“Glory to God in the Highest,” Day 8: Gifts of the Magi

I recently created a 31-day Advent/Christmas devotional booklet for my church called “Glory to God in the Highest.” I will be posting a devotional from it each day between now and the end of the year. Enjoy!

Scripture: Matthew 2:11

glory_cover_finalIn his book about the birth of Jesus, Joseph Ratzinger, the former Pope Benedict XVI, describes the theological meaning of the gifts that the magi give Jesus:

In the Church’s tradition—with certain variations—the three gifts have been thought to represent three aspects of the mystery of Christ: the gold points to Jesus’ kingship, the incense to his divine sonship, the myrrh to the mystery of his Passion.[1]

In other words, these gifts symbolize that Jesus is king, that Jesus is God, and that Jesus would die for our sins in order to reconcile us to God. But the myrrh also reminds us of Easter. Ratzinger continues:

The myrrh actually appears in Saint John’s Gospel after the death of Jesus: John tells us that Nicodemus had prepared myrrh, among other ointments, for the anointing of Jesus’ body (cf. Jn 19:39). Through the myrrh, then, the mystery of the Cross is once again associated with Jesus’ kingship and mysteriously proclaimed in the worship offered by the wise men. Anointing is an attempt to resist death, which only becomes definitive with decomposition. By the time the women came to the tomb to anoint the boy on Easter morning—a task that could not be carried out on the evening of the crucifixion because of the approaching feast-day—Jesus had already risen. He no longer needed myrrh as a protection against death, because God’s life itself had overcome death.[2]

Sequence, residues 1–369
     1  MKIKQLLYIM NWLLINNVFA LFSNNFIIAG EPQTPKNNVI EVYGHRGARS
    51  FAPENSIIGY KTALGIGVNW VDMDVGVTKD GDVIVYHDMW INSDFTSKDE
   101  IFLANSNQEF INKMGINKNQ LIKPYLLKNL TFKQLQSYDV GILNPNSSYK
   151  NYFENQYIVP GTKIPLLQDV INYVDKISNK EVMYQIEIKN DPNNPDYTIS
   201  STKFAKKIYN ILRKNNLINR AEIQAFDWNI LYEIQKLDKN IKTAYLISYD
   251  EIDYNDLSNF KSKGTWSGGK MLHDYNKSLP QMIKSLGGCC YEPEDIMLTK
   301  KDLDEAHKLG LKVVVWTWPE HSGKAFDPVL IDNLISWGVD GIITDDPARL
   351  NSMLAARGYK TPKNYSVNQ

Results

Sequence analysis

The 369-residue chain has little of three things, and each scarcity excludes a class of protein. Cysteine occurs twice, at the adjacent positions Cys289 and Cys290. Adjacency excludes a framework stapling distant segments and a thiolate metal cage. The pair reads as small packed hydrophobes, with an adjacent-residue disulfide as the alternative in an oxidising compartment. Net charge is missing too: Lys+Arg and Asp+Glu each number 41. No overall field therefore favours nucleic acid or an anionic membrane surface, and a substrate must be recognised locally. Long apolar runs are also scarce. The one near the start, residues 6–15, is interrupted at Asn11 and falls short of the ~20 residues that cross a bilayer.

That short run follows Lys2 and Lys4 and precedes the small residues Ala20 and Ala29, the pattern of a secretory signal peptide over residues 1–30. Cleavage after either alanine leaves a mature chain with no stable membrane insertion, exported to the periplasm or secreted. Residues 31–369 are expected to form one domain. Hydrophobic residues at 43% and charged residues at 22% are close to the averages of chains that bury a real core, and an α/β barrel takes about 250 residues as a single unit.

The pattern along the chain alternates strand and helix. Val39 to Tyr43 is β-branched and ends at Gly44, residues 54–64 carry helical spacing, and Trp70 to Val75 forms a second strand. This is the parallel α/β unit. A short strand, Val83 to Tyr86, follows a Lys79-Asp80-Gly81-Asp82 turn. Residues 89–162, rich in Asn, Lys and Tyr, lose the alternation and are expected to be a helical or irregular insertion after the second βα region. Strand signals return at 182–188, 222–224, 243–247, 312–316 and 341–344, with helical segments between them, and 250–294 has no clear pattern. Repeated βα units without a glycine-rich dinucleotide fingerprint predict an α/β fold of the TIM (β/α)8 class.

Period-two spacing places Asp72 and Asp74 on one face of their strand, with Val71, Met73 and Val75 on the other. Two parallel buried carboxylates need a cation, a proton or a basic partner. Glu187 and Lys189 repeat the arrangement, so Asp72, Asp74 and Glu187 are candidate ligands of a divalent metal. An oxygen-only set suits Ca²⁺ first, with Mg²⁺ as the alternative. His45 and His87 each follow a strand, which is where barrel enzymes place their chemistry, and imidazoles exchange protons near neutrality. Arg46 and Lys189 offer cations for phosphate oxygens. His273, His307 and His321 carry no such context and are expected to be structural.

Reflect on each of the magi’s gifts. How do you show Jesus that he is king of your life? If Jesus is truly God, what does his life and death teach us about God and his love?

1. Joseph Ratzinger, aka Pope Benedict XVI, Jesus of Nazareth: The Infancy Narratives (New York: Image, 2012), 107.

2. Ibid.

One thought on ““Glory to God in the Highest,” Day 8: Gifts of the Magi”

  1. Biblical imagery is often difficult for 21st Century man. We don’t want a King or a Lord to serve. We don’t see ourselves as “slaves” to sin, or “bondservants” to God. These human conditions were well understood in the first century, but have negative connotation for many today. I, for one, am more comfortable with being a “sheep” instead of a “goat”. In being a “worker in the vineyard”.

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